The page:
Roast bones, onion, celery, garlic and carrots uncovered in an oven at 450ºF for about 20 minutes. Flip everything over and roast another 20 minutes until bones retain a nice browned color. Place the roasted bones and vegetables in a large (at least 6-quart) stockpot and cover with water until everything is submerged. Add the peppercorn, parsley and vinegar. Bring to a light boil. Reduce heat to a simmer and cover. Cook on low heat for 24 hours, adding a little water if necessary. Remove from heat and let cool slightly. Strain broth through a fine mesh sieve to keep any impurities out. Let chill and scrape off the fat that has collected on the top. The bone broth can be frozen for several months or kept in a sealed container in the fridge for up to six days.
Golden Oat Milk Broth
4 cups homemade or organic broth
¼ cup rolled oats
2 teaspoons turmeric powder
1 teaspoon freshly grated ginger
1½ teaspoons salt
1 tablespoon honey
1 small stick fresh rosemary leaves
½ teaspoon ground black pepper
2 teaspoons cider vinegar
Pinch of cayenne pepper
2 tablespoons fat of choice: coconut oil, Kerry gold Butter, ghee
Heat all ingredients together in a medium pot. Bring to a simmer. Using a blender or emulsion mixer, blend until mixture is smooth and foamy. Adjust seasoning if more sweetness or saltiness is desired.
Creamed Spring Asparagus Soup
1 bunch asparagus
1 bunch scallions
1 tablespoon ghee
4 cups bone broth
Salt to taste
1 tablespoon ghee
¼ cup toasted macadamia nuts
3 tablespoons cream
sour cream for garnish
Asparagus curls, optional
Cut asparagus, scallion and sunchokes into a small dice. Place in a medium pot with ghee and sprinkle with salt. Saute at medium-high heat until softened. Meanwhile, finely chop macadamia nuts and spread on a baking sheet. Toast in the oven at 350º for five minutes. Add the broth to the sauteed vegetables and toss in the toasted nuts. Let simmer for 15 minutes. Place in a blender or Vitamix and puree with cream. Serve with a dollop of sour cream and some fresh asparagus curls.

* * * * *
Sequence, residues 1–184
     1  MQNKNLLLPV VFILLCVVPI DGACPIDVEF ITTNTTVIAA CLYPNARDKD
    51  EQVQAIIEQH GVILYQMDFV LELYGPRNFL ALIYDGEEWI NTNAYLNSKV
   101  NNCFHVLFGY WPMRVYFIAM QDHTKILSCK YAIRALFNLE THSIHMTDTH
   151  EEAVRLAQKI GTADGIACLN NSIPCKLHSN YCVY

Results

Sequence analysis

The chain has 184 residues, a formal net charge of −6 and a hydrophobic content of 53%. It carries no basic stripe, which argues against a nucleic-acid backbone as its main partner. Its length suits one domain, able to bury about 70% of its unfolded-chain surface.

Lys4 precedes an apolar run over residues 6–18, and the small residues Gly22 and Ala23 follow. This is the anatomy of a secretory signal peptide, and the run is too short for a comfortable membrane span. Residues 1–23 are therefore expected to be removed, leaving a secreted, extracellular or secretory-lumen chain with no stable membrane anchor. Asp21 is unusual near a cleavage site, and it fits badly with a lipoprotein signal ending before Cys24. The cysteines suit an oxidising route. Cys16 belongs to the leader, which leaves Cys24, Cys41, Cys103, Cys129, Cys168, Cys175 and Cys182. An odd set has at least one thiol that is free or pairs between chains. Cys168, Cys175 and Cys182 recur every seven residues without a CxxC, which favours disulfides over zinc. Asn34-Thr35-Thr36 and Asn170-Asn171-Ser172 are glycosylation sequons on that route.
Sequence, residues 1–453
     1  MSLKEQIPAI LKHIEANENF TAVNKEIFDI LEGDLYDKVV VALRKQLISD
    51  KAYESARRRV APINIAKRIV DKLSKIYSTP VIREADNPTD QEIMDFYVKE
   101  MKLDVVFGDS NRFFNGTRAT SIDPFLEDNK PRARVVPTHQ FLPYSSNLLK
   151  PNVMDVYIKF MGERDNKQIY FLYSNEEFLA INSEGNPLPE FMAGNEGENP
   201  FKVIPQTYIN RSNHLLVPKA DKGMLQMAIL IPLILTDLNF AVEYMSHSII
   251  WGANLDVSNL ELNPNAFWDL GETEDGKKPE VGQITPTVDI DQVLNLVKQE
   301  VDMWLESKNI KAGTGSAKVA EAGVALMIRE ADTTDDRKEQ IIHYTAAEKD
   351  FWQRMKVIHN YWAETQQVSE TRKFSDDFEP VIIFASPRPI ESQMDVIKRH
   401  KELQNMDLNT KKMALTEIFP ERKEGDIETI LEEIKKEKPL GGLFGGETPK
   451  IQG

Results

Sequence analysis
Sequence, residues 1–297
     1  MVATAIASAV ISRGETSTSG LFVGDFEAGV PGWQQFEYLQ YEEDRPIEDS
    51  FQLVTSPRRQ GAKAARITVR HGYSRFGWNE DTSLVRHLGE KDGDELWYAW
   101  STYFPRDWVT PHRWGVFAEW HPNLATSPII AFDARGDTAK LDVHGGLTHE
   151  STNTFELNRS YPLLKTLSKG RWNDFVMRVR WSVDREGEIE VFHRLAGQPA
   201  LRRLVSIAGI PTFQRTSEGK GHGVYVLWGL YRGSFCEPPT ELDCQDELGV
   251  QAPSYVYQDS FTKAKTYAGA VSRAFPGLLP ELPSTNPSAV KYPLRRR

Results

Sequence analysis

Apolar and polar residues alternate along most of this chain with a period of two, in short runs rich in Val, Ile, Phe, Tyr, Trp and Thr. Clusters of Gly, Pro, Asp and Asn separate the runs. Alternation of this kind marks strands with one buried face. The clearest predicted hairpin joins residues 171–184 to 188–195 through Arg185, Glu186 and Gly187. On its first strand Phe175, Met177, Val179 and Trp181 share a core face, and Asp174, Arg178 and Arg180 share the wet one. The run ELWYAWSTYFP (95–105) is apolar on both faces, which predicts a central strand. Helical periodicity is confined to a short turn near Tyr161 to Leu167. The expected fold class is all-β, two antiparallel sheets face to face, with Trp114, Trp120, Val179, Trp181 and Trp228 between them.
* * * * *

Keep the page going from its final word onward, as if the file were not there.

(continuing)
Wild Mushroom Risotto with Spring Pea Shoots
Chef’s Note: Authentic risotto from Italy has never used cream or milk in it. The creaminess comes from the actual rice itself. Butter and Parmesan are added at the end to elevate this dish’s creaminess, but no other dairy products are used.
2 tablespoons olive oil
1 leek, finely diced
3 cloves garlic, minced
2 cups short-grain Arborio rice
Salt and pepper to taste
½ cup dry white wine
5 cups bone broth, warmed
¼ cup chopped dried shiitake mushrooms
½ cup fresh peas
⅔ cup freshly grated Parmesan cheese (This must be fresh—none of that powder stuff!)
2 tablespoons Kerrygold butter
Pea sprouts and extra Parmesan for serving
Heat two tablespoons of oil in a deep skillet. Add leek and garlic. Saute until translucent on medium-high heat. Add the rice and sprinkle with salt and pepper. Cook rice for 5 minutes, stirring frequently. You do not want the rice to burn or toast. It should start turning translucent, and when this happens, add the wine. Let boil until wine is mostly absorbed, and then add one cup broth, stirring in the mushrooms at this time.
Continue stirring and adding more broth as it absorbs. The stirring releases the starch from the rice, which creates the creaminess in risotto. Giving it several good vigorous stirs helps release this starch even more.
Cook and stir until rice is softened and very creamy. Fold in fresh peas, grated Parmesan, and butter. Continue cooking for a few more minutes until the cheese and butter have melted.
Remove from heat. To serve, sprinkle with hazelnuts, extra Parmesan and pea shoots.